A Lecture on “’Humanitude’, a Multisensory Communication Caregiving Method, and its Perspectives on Humanity” was Held
A lecture discussing “Humanitude”, a multisensory communication care-giving method and its perspectives on humanity, which was organized and moderated by Prof. Sakiko Yoshikawa, was held on March 23rd, 2019 at the Inamori Center.
Humanitude is a caregiving method that emphasizes sensory communication, with caregivers making use of speech and touch when interacting with patients. This method was named “Humanitude” to help caregivers and patients “take back humanity”. Prof. Yves Gineste (the founder of Humanitude) was invited to speak about how Humanitude was created and came to be applied to elderly care facilities.
In 1979, Prof. Gineste, along with Rosette Marescotti, began working in a hospital to train hospital staff in ways to prevent back pain and how to properly move patients. It shocked them to see how many patients were bedridden and how few staff-patient’ interactions occurred.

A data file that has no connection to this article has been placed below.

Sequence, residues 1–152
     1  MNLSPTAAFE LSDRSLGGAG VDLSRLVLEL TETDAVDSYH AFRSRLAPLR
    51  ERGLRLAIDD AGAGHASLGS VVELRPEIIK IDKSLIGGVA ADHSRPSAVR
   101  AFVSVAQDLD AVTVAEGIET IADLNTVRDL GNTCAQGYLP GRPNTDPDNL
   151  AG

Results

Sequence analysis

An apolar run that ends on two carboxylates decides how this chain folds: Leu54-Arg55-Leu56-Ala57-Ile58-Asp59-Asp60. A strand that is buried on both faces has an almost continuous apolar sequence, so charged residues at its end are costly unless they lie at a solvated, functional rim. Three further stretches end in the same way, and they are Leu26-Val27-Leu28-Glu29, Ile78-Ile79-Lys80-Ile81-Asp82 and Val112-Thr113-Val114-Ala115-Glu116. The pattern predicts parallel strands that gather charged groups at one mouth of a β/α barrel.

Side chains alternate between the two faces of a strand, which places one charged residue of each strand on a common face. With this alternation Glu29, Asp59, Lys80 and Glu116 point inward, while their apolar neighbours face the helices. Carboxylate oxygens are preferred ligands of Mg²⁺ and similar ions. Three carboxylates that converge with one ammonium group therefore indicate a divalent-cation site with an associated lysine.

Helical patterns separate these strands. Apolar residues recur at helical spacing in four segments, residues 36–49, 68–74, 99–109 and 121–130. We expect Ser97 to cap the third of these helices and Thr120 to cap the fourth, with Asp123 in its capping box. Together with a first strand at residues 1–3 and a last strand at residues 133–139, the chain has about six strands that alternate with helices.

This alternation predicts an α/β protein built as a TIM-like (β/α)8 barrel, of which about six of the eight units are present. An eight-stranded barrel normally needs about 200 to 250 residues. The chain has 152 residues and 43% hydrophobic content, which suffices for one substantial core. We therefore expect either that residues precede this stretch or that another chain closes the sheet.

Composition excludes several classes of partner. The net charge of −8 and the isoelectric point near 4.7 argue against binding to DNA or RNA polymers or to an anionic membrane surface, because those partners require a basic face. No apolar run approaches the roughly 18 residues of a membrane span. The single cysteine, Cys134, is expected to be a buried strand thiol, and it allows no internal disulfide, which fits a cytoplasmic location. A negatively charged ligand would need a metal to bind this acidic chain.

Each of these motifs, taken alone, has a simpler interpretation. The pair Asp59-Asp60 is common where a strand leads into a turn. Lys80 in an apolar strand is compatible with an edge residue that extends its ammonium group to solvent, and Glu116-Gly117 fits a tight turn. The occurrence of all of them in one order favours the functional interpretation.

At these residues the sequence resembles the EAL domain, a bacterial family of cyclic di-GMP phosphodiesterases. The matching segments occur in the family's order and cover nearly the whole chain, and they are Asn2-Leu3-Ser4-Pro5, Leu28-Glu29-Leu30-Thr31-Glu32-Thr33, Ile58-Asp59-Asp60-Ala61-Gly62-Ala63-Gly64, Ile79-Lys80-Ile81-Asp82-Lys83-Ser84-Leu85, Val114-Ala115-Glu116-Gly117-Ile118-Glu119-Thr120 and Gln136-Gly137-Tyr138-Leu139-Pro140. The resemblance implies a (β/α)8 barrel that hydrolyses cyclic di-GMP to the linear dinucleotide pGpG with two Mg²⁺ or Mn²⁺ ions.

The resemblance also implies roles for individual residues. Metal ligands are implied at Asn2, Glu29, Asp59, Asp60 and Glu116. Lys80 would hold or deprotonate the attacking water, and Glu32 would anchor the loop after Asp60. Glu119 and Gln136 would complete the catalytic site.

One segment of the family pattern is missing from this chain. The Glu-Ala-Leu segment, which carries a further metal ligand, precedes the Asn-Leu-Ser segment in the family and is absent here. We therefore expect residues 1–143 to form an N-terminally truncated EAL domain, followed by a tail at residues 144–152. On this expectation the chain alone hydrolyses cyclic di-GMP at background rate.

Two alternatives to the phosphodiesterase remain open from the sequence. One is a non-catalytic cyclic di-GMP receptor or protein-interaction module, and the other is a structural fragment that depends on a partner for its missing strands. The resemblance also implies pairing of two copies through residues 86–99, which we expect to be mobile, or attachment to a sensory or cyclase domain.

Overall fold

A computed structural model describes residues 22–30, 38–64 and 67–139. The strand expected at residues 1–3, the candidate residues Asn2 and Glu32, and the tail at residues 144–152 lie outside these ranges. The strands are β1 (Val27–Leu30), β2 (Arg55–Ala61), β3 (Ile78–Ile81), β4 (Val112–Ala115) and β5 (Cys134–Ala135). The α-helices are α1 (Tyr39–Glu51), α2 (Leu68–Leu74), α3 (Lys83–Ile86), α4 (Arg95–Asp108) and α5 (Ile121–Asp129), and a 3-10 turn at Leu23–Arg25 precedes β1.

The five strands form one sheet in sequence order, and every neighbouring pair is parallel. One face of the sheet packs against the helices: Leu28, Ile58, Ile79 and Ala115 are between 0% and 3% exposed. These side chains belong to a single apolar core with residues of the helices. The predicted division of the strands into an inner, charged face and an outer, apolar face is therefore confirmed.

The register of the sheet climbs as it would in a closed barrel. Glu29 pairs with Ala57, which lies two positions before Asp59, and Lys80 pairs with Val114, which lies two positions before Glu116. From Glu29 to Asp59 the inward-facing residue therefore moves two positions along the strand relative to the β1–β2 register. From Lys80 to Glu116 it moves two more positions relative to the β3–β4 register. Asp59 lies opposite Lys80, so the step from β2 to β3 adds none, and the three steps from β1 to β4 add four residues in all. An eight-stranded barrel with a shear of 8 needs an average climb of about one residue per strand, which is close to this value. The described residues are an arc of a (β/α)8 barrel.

During Prof. Gineste’s previous role in physical education, he taught his students that bodily movement is necessary to staying healthy. However, what he saw at the hospitals was the opposite of his teaching: patients were restrained and were not talked to.
In the wake of this difficult experience, they worked with over 30,000 patients and founded Humanitude, which comprises 400 practical methods to support patients and help them retain their humanity.
The four key components of Humanitude are the communication skills of “looking, talking, touching and standing”. Humanitude is a skill set that enables caregivers to communicate kindness to the patientin ways that they understand. Prof. Gineste asserted that patient freedom is crucial, and thus physical restraints are not used in Humanitude. Caregivers treat patients as equals; they look them in the eye, talk to them and touch them. He also argued that if caregivers treat patients in accordance with the philosophy of Humanitude, it is possible for people who have become more dependent due to illness or the loss of cognitive functions to live with dignity.